JAKARTA, Indonesia — One of Jakarta’s best-kept secrets lies on a dingy, nondescript street in the city’s Chinatown.
Since 1878, Warung Tinggi Coffee (also known as Tek Soen Hoo or Tek Sun Hoo) has been trading in some of the finest coffee available anywhere in the world. We stopped here in the middle of an amazing day.
You wouldn’t know it from the tiny storefront at Jalan Sekolah Tangki 26 framed with bird cages, featuring a 70-year-old Toledo scale and fronted with a “Shalom” sign in the window. It lacks even an awning to tout its role in the history of caffeine addicts around the globe.
Among coffee’s many monikers, one of its most popular reflects the island of Java, where so much of the world’s finest varietals originate. Warung Tinggi modestly displays three jars of whole, handpicked coffee beans: Betina, Jantan and Excellence.
Excellence, which of course I smelled first, consists of male coffee beans, sorted individually by hand. The beans were about a half-inch in length, and they exhibited a robust, almost spicy aroma — sharp and mixed with earthy notes and floral overtones. Really.
Betina showed much of the same liveliness, but more rounded and gentler, with a hint of sweetness. The wonderfully friendly saleswoman informed us these coffee beans were female; they were approximately three-fourths-of-an-inch long and seemed plump.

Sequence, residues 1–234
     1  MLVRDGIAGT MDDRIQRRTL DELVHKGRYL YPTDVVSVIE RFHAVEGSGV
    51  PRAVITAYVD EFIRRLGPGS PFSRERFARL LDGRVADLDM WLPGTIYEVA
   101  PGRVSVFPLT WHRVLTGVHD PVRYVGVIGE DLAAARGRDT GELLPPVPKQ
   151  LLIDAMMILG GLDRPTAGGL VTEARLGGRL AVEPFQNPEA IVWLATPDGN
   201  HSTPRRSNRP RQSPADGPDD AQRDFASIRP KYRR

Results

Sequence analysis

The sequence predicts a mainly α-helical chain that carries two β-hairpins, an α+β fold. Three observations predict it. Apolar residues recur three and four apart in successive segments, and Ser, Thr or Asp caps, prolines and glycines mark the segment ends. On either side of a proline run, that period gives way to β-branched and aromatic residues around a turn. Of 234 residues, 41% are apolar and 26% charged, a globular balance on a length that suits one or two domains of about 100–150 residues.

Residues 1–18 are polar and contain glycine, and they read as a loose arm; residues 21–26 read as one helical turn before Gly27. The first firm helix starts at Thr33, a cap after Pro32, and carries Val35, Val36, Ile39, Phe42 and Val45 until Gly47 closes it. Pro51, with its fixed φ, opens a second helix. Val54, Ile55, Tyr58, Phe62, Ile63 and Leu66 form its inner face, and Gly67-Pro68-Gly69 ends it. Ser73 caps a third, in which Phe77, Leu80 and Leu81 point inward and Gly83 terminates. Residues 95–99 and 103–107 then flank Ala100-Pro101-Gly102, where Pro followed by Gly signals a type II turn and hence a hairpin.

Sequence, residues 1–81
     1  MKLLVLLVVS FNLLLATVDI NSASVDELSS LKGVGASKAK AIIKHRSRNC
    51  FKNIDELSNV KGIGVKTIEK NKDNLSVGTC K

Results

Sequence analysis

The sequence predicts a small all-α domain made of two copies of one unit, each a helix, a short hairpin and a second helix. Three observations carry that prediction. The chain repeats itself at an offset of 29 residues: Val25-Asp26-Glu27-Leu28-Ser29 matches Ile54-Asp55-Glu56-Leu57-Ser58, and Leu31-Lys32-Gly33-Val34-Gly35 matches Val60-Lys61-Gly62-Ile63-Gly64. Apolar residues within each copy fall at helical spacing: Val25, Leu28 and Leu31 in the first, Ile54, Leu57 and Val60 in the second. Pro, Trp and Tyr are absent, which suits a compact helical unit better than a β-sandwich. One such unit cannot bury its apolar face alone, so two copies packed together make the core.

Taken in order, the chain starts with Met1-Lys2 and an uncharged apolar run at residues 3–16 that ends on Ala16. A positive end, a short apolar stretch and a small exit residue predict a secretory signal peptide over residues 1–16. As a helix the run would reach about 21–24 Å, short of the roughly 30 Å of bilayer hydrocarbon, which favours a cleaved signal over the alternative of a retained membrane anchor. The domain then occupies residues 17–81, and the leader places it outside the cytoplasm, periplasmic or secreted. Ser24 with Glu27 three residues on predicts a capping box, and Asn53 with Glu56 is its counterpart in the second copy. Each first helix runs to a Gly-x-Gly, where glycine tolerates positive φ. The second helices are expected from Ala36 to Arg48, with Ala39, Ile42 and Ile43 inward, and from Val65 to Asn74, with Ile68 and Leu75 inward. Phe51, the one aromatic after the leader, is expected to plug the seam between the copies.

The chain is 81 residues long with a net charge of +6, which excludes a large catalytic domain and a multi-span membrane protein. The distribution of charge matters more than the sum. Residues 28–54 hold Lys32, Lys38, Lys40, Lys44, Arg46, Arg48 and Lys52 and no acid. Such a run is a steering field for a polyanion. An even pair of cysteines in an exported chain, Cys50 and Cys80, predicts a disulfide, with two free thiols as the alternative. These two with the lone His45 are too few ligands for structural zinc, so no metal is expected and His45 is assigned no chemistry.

The middle jar contained Jantan coffee beans, which were three-eights-of-an-inch and more elongated than the other two varieties. Its scent landed somewhere between the other two: robust yet restrained, a hint of sweetness with a subtle complexity.
I opted for a cup of the Betina. The saleswoman followed it with a complimentary cup of Excellence. I didn’t want to be greedy and ask for a third sample, so I didn’t.
Betina was smooth, well-rounded and offered just a barely-there bitterness.
Excellence jumped on the taste buds with a bold presence, a bit of a bite and a slight acidity that felt like a sparkle. Yes, that’s right. I said “sparkle.”
The coffee shop had just a single table and two chairs. Its walls displayed black-and-white photographs of the store’s various incarnations, from its ramshackle start 132 years ago, through the colonial era when it displayed a sign in Dutch and beyond.
The store also sells Kopi Luwak, touted as the world’s most expensive coffee for its rarity and its unusual path from plant to pot that includes a trip through a specific type of civet’s intestinal tract. Kopi Luwak means “civet coffee.” It costs $250 per kilo.
No, I am not making this up.
Anyone who knows me knows I couldn’t be farther from a coffee — or any other type of — snob. Yes, I’ve had crappy coffee (no pun intended) and I’ve had great coffee. But these two cups were probably the two most memorable I can ever imagine tasting.
Thanks again, Josh.
(Thanks also to Kathryn for her generous contribution of time and her excellent guest-editing prowess.)